Skip Navigation

Breakthroughs

The Physicist in Your Brain

By Michael Anft
Jason Fischer
Jason Fischer is an assistant professor of psychological and brain sciences in the Johns Hopkins Krieger School of Arts and Sciences.

Margaret Wertheim, the best-selling author of books on physics, once said that more people don’t study the subject because they think: “Oh, physics isn’t for me. I just don’t have that kind of a mind.”

Turns out, we do have that kind of mind. In fact, our brains are constantly calculating physics even if we don’t consciously realize it. 

When we watch a pile of poorly stacked blocks teeter, or a pair of misdirected cars collide, we do more than witness the mishaps and cringe. Our brains constantly plot the complex actions of moving physical objects. This ability is “like having a physicist in our brains,” says Jason Fischer, an assistant professor of psychological and brain sciences in the Johns Hopkins Krieger School of Arts and Sciences. He noted that our brains not only configure the movements we’re seeing but also create a range of scenarios as to how the objects might come to behave. Watch a Magic Marker roll across a table and you might predict its descent off the edge and onto the floor, for instance.

Neuroscientists have long theorized that a specific region of our brain must handle these intense calculations. Now, Fischer, along with two professors at MIT, has pinpointed the premotor cortex and the somatosensory cortex as the brain centers responsible.Those regions hold what Fischer calls “the brain’s physics engine,” and it’s where we also organize and carry out our own physical movements. 

“We asked the questions: What is the chain of events that leads the brain to understand what is happening with objects, and where in the brain are these calculations made?” Fischer says about the experiment that led to this breakthrough. “We found that regions of the brain that deal with motor planning might be doing more than just that. The brain is doing these complex physical simulations all the time.”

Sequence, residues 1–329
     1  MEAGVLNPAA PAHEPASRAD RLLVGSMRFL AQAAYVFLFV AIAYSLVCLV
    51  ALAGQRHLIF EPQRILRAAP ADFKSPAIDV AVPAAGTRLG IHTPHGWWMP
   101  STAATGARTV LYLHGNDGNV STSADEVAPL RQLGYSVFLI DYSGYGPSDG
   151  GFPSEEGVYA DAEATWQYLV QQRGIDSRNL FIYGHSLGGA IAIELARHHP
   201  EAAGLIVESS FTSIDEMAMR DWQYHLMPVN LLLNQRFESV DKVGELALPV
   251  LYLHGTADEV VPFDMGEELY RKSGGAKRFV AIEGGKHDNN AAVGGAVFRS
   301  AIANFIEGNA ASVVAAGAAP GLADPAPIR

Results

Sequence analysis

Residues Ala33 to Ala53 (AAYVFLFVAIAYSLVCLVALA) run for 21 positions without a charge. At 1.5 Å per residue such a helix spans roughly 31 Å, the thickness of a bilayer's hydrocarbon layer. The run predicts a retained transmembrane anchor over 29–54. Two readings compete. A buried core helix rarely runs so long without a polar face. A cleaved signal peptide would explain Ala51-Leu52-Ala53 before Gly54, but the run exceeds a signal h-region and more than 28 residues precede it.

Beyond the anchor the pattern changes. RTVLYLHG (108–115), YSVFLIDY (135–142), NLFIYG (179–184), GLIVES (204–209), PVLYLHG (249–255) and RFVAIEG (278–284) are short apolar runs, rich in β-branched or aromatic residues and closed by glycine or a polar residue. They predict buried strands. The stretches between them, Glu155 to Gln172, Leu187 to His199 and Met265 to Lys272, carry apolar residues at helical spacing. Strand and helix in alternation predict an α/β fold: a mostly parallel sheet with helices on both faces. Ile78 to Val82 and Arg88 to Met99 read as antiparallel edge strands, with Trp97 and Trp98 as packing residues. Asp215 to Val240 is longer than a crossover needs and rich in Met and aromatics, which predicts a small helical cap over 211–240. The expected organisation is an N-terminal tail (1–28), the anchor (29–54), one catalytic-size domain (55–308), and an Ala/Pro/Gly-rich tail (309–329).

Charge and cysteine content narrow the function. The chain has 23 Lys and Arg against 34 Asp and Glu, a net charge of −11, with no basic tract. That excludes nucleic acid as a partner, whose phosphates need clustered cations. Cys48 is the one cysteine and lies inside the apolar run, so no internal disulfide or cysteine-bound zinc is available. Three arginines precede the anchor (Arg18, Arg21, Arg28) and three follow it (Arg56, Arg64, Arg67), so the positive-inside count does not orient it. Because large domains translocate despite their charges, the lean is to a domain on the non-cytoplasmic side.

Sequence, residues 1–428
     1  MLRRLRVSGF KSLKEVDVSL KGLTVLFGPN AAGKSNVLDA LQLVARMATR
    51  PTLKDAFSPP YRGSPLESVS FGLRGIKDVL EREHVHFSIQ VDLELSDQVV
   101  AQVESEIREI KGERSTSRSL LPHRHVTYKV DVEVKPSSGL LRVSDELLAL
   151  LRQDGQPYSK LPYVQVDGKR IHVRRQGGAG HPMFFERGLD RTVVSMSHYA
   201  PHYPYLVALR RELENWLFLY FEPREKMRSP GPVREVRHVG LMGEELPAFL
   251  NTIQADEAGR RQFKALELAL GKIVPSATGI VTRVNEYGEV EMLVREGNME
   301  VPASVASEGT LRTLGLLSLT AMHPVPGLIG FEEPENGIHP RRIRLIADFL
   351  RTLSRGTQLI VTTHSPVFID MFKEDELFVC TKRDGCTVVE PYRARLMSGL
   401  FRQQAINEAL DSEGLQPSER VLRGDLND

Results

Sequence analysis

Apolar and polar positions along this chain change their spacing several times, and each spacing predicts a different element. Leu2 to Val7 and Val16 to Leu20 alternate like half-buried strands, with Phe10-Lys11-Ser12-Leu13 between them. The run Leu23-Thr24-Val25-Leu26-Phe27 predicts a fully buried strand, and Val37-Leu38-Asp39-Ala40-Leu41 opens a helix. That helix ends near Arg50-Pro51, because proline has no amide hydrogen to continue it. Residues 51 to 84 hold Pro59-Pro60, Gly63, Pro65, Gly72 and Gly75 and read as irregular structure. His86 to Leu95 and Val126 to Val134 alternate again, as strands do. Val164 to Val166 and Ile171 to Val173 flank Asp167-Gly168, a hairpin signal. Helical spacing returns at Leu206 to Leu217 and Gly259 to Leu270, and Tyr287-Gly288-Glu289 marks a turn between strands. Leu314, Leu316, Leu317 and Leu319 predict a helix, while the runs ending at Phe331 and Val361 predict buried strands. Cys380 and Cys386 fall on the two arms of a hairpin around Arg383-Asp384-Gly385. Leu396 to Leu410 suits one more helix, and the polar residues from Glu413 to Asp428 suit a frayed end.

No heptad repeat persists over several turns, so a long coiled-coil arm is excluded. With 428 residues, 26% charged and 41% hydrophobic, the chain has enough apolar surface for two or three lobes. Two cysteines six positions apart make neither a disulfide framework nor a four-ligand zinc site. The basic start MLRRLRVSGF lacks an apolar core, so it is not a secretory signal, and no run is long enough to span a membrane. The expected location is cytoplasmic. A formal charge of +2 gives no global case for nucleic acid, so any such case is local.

To find out how people perceive the motions of objects, Fischer used functional magnetic resonance imaging (fMRI) machines to monitor the brain activity of a dozen subjects. They were shown images of stacked three-dimensional blocks or billiard balls bouncing off a pool table’s edge and then asked which way the objects were likely to go. As they responded, the fMRI machine scanned their brains, showing that the premotor and somatosensory cortices experienced a marked increase in blood flow—a sign they were busy computing how the blocks or balls would move. 

When we watch a pile of poorly stacked blocks teeter, or a pair of misdirected cars collide, we do more than witness the mishaps and cringe. Our brains constantly plot the complex actions of moving physical objects.

“I had some inkling that we’d see activity in the motor regions because you need a model of how the world will behave in order to plan appropriate actions on it. Effective motor planning presumes some understanding of physical behavior,” Fischer says. “But it was still surprising to see so much activity.”

Fischer’s findings could lead to more investigations, including one to learn how exactly the physics engine links up with other brain regions, creating a fuller picture of how we develop what he calls “physical reasoning.”

Once science has a better idea of that, engineers may be able to build robots that can predict physical movements as humans do. Physicians, meanwhile, could come to better understand the plight of people with apraxia, a movement disorder associated with damage to the brain. “This has opened up another area for cognitive study,” Fischer says.

Illustration of a woman observing her physical surroundings
Illustration above by Ryan Peltier; Portrait to the left by Caroline Andrieu
The premotor cortex and somatosensory cortex perform intense computations that tell us whether a Magic Marker will roll off a table or how cars on a collision course might collide.

Other Departments

  • Survey
    New findings in health, including the benefits of having a health care advocate, how same-sex marriage laws reduce teen suicide, and why household cleansers are dangerous for toddlers' eyes.
  • Conversation
    With Sarah Hemminger on immersion mentoring through her nonprofit, Thread.
  • Just Curious
    Why do bugs love to bug me?
  • MedTech
    Apps, gadgets, and other innovations that are advancing health and health science.
  • Viewpoint
    Jed Fahey on the truth versus the hype surrounding superfoods.
  • Book Report
    What you should be reading.
  • Experience
    How Paralympian Dee Smith survived cancer and got back to sailing.
  • Expert Advice
    How can I keep my eyes healthy?
  • 10 Things
    Habits for better sleep.